BUSH: But there are incidents of people who, for example, the florist in Washington State who had a business that based on her conscience, she couldnâ€™t be participating in a gay wedding, organizing it, even though the person, one of the people was a friend of hers. And she was taken to court, and is still in court, or the photographer in New Mexico. There are many cases where people acting on their conscience have been castigated by the government. And this law simply says the government has to have a level of burden to be able to establish that thereâ€™s been some kind of discrimination. Weâ€™re going to need this. This is really an important value for our country to, in a diverse country, where you can respect and be tolerant of peopleâ€™s lifestyles, but allow for people of faith to be able to exercise theirs.
First, Bush has not read the bill, does not know the necessary details of the cases he’s cited, and most importantly, does not understand the context of any of this. It’s like he’s Rip Van Winkle and just woke up to this national story that’s based in two decades of events that he’s never observed first hand.
Second, if he had read Indiana’s RFRA, and the federal RFRA, he would immediately recognize how vastly different they are.
Finally, Jeb Bush thinks that once people know the facts they’ll come to support this law.
Does the former Florida governor think people haven’t read the bill, or can’t think for themselves?
The condescensionÂ is subtle, but staggering.
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‘I Will Not Stand by Silently’: Sotomayor Blasts SCOTUS Conservatives Over Their Latest Attack on Abortion Rights
“The Court may look the other way, but I cannot.”
Justice Sonia Sotomayor expressed outrage at her conservative Supreme Court colleagues Thursday afternoon, after the six right wing jurists went one step further in attacking the constitutional guarantee of abortion.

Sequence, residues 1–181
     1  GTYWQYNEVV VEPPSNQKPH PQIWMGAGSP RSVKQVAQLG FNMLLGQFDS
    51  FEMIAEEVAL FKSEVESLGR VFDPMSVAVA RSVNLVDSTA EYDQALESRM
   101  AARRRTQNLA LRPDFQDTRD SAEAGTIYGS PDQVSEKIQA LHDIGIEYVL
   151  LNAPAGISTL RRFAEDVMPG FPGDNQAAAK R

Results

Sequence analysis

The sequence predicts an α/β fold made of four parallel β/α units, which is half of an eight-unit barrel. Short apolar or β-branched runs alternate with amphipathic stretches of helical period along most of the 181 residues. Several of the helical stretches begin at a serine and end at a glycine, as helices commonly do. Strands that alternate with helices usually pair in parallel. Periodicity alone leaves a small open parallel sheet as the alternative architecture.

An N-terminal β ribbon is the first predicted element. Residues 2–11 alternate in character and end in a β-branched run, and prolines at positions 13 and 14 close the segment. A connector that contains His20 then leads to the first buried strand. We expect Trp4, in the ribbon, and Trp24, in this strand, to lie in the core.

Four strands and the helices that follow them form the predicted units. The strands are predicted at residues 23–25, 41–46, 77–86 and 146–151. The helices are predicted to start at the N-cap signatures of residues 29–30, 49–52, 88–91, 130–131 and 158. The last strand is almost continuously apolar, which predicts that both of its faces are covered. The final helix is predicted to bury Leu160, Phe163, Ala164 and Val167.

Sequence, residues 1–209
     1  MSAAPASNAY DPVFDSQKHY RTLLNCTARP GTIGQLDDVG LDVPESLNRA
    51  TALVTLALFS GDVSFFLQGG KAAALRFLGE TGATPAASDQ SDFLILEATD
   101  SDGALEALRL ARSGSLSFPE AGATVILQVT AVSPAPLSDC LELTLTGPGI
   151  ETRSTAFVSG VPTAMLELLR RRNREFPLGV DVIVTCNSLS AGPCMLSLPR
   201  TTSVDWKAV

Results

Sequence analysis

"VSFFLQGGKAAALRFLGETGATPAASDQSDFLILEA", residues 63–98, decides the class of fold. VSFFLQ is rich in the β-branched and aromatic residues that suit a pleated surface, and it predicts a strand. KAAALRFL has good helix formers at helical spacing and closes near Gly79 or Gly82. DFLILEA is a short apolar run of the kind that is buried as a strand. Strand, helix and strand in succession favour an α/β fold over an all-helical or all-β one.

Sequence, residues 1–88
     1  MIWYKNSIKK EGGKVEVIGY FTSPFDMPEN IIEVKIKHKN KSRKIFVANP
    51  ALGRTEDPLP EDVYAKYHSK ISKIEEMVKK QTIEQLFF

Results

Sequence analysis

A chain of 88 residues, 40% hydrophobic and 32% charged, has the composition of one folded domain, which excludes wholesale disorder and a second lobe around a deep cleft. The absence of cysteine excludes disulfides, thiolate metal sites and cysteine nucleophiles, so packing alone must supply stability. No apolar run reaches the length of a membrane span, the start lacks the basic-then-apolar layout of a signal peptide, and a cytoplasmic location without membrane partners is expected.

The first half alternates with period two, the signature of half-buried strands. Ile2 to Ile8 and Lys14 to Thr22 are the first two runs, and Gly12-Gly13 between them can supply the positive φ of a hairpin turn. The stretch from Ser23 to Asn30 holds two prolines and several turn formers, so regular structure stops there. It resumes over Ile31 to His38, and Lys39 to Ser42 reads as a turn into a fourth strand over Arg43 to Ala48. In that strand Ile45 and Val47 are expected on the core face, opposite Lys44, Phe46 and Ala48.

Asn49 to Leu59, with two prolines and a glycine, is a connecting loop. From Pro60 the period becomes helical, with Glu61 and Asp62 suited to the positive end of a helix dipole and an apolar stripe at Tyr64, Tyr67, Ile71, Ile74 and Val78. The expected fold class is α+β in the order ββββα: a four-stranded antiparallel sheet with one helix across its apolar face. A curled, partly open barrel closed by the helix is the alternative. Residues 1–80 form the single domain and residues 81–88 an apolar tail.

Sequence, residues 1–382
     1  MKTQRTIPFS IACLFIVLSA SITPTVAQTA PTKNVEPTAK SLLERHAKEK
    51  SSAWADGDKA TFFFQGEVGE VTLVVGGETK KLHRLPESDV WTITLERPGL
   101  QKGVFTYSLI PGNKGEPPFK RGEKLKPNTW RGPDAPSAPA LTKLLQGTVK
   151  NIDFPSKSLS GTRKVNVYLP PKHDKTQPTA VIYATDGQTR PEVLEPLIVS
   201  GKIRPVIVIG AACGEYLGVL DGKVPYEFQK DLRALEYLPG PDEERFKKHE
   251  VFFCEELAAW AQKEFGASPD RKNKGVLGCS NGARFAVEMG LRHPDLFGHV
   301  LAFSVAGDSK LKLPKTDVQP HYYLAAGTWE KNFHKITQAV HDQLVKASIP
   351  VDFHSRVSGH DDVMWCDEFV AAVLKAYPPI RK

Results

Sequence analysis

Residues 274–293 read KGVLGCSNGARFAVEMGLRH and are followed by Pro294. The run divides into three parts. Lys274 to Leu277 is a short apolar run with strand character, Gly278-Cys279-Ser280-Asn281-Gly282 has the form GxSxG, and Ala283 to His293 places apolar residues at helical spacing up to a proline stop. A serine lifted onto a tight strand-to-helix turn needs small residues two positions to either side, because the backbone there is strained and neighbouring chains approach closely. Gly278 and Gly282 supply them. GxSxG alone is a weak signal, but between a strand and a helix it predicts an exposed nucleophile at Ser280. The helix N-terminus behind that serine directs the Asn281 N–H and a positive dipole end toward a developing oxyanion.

Voting 6-3 against a women’s health care provider the Court denied a request by Texas Women’s Health, which provides abortion services, to change jurisdictions, which according to Justice Sotomayor the Court should have done.
“The lawsuit is now stalled with the Texas Supreme Court,” Rewire News reports.
Slate’s Mark Joseph Stern, a Supreme Court expert calls Sotomayor’s dissent “stunning.”
“This case is a disaster for the rule of law and a grave disservice to women in Texas, who have a right to control their own bodies,” Sotomayor writes. “I will not stand by silently as a State continues to nullify this constitutional guarantee. I dissent.”
She begins her dissent by explaining the case:
“It has been over four months since Texas Senate Bill 8 (S. B. 8) took effect. The law immediately devastated access to abortion care in Texas through a complicated private-bounty-hunter scheme that violates nearly 50 years of this Court’s precedents.”
“Today, for the fourth time, this Court declines to protect pregnant Texans from egregious violations of their constitutional rights. One month after directing that the petitioners’ suit could proceed in part, the Court countenances yet another violation of its own commands. Instead of stopping a Fifth Circuit panel from indulging Texas’ newest delay tactics, the Court allows the State yet again to extend the deprivation of the federal constitutional rights of its citizens through procedural manipulation. The Court may look the other way, but I cannot.”